The Pentastar V6 range has been Chrysler’s mid-tier powerhouse for over a decade now, comprised of both the 3.2L Pentastar V6 and the 3.6L Pentastar V6 in US markets. In the opinion of most owners of Pentastar-equipped vehicles, it is a well-rounded and generally reliable engine that powers some of the most popular cars that the FCA umbrella has to offer.
With that being said, the Pentastar engine range has experienced its fair share of trouble too. Problems like cam follower/roller failure, connecting rod bearing failure, and oil cooler/oil filter housing failures have all been the subjects of either recalls, lawsuits, or general dissatisfaction with the Pentastar engine as a whole. In this guide, we’ll cover those issues in detail.
Cam Follower Failure
By far, the most commonly reported Pentastar issue is cam follower failure. It has even led to a class action lawsuit which I’ll touch on in a minute. In recent years, many owners of the 3.2/3.6L Pentastar V6 have been reporting loud chatter coming from their engine bay. While many people write it off as injector noise, it has been proven that the Pentastar’s valvetrain design is actually to blame.
The general explanation of the issue is that due to the design of the Pentastar’s valvetrain, the hydraulic lifters fail to create enough oil pressure to keep the cam rollers/followers in constant contact with the camshaft.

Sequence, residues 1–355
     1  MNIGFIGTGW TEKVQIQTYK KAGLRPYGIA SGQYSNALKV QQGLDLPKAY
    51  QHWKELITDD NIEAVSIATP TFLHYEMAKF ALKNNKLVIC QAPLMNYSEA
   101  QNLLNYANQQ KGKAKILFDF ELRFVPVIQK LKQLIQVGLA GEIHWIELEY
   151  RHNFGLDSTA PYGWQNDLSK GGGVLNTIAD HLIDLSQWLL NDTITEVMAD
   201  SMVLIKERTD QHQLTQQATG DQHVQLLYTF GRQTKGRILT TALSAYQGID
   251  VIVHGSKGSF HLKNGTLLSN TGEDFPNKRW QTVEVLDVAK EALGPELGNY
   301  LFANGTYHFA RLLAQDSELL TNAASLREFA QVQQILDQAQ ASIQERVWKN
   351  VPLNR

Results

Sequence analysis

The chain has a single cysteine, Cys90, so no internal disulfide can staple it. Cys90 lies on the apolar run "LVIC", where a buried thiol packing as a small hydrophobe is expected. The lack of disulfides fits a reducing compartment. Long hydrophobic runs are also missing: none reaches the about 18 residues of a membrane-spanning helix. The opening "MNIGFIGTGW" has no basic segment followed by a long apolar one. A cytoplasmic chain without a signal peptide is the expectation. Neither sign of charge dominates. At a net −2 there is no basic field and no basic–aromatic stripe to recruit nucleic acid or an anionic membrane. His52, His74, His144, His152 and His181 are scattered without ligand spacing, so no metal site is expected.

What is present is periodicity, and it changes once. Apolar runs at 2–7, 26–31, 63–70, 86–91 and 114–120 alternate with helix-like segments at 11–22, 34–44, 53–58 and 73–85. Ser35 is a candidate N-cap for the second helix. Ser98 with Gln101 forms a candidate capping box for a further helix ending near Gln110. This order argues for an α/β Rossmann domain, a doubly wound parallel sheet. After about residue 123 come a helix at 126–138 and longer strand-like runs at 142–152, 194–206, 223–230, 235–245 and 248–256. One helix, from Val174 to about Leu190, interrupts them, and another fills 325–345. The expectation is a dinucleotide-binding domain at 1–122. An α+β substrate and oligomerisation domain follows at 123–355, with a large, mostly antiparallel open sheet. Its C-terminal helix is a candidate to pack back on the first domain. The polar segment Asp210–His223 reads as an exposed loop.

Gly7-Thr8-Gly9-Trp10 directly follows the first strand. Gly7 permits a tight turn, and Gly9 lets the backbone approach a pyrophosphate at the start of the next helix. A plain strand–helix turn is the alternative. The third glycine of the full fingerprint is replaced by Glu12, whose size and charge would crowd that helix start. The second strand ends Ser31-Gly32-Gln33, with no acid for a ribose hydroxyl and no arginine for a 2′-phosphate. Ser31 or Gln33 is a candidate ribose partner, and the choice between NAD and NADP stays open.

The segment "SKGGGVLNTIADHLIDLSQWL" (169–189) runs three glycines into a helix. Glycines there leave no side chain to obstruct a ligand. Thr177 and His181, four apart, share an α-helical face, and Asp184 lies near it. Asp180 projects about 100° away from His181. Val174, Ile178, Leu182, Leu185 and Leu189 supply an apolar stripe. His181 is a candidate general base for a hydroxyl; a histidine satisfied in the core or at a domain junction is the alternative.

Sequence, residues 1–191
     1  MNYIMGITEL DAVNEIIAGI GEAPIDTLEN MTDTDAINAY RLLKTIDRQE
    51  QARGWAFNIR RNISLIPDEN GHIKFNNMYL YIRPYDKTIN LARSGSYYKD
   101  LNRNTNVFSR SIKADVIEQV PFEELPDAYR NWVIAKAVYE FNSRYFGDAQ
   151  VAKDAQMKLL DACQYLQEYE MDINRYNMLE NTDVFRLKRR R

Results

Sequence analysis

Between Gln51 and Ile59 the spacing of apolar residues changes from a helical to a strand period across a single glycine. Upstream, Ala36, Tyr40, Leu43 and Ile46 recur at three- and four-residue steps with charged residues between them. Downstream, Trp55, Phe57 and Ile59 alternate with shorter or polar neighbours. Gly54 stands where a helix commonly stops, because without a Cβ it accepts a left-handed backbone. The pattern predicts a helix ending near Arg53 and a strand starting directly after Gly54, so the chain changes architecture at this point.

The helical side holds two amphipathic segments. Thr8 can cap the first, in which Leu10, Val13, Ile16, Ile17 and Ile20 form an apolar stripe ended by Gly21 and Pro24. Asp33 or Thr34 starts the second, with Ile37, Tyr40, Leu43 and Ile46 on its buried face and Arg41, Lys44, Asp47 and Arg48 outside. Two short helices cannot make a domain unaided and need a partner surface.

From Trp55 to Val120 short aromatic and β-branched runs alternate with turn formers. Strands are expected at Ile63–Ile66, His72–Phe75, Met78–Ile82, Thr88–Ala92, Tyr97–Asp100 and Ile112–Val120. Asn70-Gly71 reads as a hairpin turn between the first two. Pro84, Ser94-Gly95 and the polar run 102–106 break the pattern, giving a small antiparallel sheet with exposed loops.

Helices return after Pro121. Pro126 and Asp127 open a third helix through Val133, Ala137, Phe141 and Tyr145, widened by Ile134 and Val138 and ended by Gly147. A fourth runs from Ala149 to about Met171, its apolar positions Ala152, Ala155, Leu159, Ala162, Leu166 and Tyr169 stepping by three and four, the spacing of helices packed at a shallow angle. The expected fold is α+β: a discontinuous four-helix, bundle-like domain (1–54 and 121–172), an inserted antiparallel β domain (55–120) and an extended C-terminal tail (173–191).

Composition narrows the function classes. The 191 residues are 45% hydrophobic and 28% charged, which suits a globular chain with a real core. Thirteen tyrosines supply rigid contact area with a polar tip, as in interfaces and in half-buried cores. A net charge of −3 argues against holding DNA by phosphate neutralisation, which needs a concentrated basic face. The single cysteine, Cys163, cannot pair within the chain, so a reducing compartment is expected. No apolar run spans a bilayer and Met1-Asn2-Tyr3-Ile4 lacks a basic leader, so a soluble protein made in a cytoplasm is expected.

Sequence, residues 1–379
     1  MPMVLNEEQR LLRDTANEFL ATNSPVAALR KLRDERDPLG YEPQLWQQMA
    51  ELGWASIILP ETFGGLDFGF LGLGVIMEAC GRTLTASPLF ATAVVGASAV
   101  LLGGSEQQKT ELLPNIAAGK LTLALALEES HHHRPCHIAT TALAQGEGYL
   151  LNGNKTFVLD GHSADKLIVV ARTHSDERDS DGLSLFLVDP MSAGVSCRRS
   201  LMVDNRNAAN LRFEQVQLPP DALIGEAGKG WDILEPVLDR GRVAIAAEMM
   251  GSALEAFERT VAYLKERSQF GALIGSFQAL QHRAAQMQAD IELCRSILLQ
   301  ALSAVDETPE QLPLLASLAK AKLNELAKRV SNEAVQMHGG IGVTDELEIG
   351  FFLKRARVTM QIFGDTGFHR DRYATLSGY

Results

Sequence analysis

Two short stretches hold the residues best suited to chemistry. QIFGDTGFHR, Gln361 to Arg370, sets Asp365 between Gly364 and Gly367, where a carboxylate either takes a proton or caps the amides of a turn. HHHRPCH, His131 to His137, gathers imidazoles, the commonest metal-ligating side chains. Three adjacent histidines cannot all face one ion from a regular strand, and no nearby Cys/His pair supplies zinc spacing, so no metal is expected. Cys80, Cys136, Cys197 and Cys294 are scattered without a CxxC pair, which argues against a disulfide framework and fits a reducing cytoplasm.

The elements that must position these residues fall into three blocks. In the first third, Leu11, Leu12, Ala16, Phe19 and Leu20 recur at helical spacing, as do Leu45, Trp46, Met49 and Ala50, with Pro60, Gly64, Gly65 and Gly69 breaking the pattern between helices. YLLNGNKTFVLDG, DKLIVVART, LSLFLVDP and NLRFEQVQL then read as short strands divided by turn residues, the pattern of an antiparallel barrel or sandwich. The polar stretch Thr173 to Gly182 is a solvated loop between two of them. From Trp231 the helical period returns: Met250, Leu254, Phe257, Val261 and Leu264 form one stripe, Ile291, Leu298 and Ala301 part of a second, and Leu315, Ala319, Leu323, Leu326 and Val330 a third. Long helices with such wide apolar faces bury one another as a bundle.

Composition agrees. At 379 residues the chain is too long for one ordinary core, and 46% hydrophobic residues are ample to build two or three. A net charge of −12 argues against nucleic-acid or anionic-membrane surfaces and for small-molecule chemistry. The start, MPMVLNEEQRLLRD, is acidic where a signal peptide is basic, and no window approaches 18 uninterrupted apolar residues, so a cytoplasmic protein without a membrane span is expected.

To go into more detail about the actual cause of cam follower failure on the Pentastar V6, we need to get a bit technical, so bear with me. As with most modern engines, the Pentastar uses a hydraulic lash adjustment system to actuate the intake and exhaust valves. With this system, a rocker arm is used, with hydraulic lifters on one end of the rocker arm assembly and the ends of intake and exhaust valves on the other. Hydraulic pressure is supposed to keep a cam roller/follower in contact with the camshaft as it rotates, allowing the intake and exhaust valves to open and close.
Unfortunately, due to the design of the Pentastar’s valvetrain, the hydraulic lifters fail to produce enough oil pressure to keep the rollers/followers in complete contact with the camshaft consistently. As a result, the cam makes contact with the cam rollers/followers, leading to damage down the line. That is also what creates the ticking noise that so many Pentastar owners have reported.